NASW’s Symposium 2018

On Friday, April 13th, 2018 (at 1:45 PM), Dr. Zoldbrod will be presenting on “Expanding Competency in Sexuality: Recognizing Developmental Sexual Trauma” at NASW’s Symposium 2018, in Framingham, Ma. at the Sheraton Framingham Hotel and Conference Center. This conference is the largest gathering of social workers in New England.


Registration online at

Solving Problems

It’s not easy for the layperson –or even the mental health generalist– to tease out what is causing an individual’s or a couples’ sexual difficulty.

milestones2 1My hope is that by using this website, you will become more knowledgeable about the possible causes of your sexual problem. Please read through this material, even if you don’t think the information is relevant. Maybe it is. In my many years of experience as a sex therapist, I have found that most people don’t understand what makes them tick sexually.

Sexual problems and dysfunctions are complicated and specific to you or to you and your partner. They have many dimensions. Often two or more factors are operating at the same time. Some problems are based in your faulty beliefs about sexuality. Some occur because you need to learn some new sexual skills. Sometimes, you know your own sexual recipe, but you need to learn how to communicate it. Sometimes sexual problems have a physical basis.
Sometimes sexual problems are really simple to fix: Often, people don’t set aside the time to have really pleasurable sex. Remember, spontaneity is highly overrated!

Some sexual issues exist because you feel frightened of your own sexuality. Some occur because of traumatic events in your past. Some sexual problems exist because of non-sexual events which occurred in your family-of-origin. You may have failed to complete what I call the Milestones of Sexual Development. (See the diagram above.) For instance, large numbers of people do not enjoy being sexual because they don’t really enjoy physical touch. They weren’t touched nicely in their family, so they don’t link touch and love, or touch with safety.

Some people’s sexuality is stunted because they have a huge amount of anxiety, which interferes with getting aroused.

Sometimes in a relationship, you’ll be so angry with your partner that your general anger will come out as a sexual problem (Click Here to assess your general satisfaction in your relationship).

Many couples with longstanding sexual issues go for help to couples therapists who do not address the sexual issues. This is a mistake. Couples’ sexual problems can grow and grow, and leave a toxic residue in the non-sexual relationship. If you have a sexual problem that has created hurt and anger in your non-physical relationship, address the sexual problem directly. It is not true that sexual problems will automatically disappear when the other relationship problems are cleared up. Sex therapists are trained in couples therapy too. We have to be to do our job. If sex is a part of your couples conflict, see a sex therapist.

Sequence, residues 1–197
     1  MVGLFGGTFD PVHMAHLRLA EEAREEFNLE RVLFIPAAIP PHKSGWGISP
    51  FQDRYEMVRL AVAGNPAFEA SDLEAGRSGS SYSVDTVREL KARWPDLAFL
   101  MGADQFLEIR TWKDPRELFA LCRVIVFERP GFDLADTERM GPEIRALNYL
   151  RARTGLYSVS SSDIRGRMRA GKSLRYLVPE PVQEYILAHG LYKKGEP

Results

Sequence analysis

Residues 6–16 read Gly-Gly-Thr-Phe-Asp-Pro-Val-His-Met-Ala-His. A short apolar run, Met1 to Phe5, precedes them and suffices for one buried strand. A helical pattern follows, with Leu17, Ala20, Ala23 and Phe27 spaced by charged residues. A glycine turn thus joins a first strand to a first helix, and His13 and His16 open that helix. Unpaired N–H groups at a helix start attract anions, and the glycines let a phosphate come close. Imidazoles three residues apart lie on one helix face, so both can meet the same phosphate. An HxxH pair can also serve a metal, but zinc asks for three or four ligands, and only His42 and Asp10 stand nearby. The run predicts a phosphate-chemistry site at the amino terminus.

No matter what you believe is the cause, if you can’t solve your sexual problems within a short amount of time, get professional help from a certified sex therapist. Good sex is worth fighting for.

Learning to Be a Sexual Person: The Milestones Of Sexual Development

Learning to be a sexual person is not the automatic process many people think it is. You learn to be sexual in your family of origin. And, ironically, you learn to be sexual (or don’t learn how to be sexual) from your experience of many non-sexual events which you had in your family.

(If you experienced sexual abuse or rape, then your negative experiences were sexual ones. But the way the abuse or rape was handled in your family also will affect your sexuality.)

In order for you to feel interested in being sexual with another beloved person, you first have to be comfortable with feeling intense feelings in your own body. You have to like being touched. And you have to link love and touch.

This means that if you witnessed or experienced physical violence in your family, you will probably have sexual problems. You will link touch and danger. You might link touch with being overpowered.

Further, you have to trust another person. You have to feel your partner will listen to you and care about how you are feeling. You need to feel that it is all right to be vulnerable with them emotionally, that they will take good care of you.

In fact, to be able to have passionate sex with a beloved partner, you need to have witnessed a number of positive non-sexual themes in your family-of-origin during your childhood and adolescence. I call these the Milestones of Sexual Development.

They include:

  • being loved
  • being touched both lovingly and playfully
  • receiving empathySexSmart cover 2010 jpeg
  • learning to trust
  • learning how to relax and be soothed by the person you trust
  • feeling safe in your own body
  • developing a good body image
  • becoming comfortable in your gender identity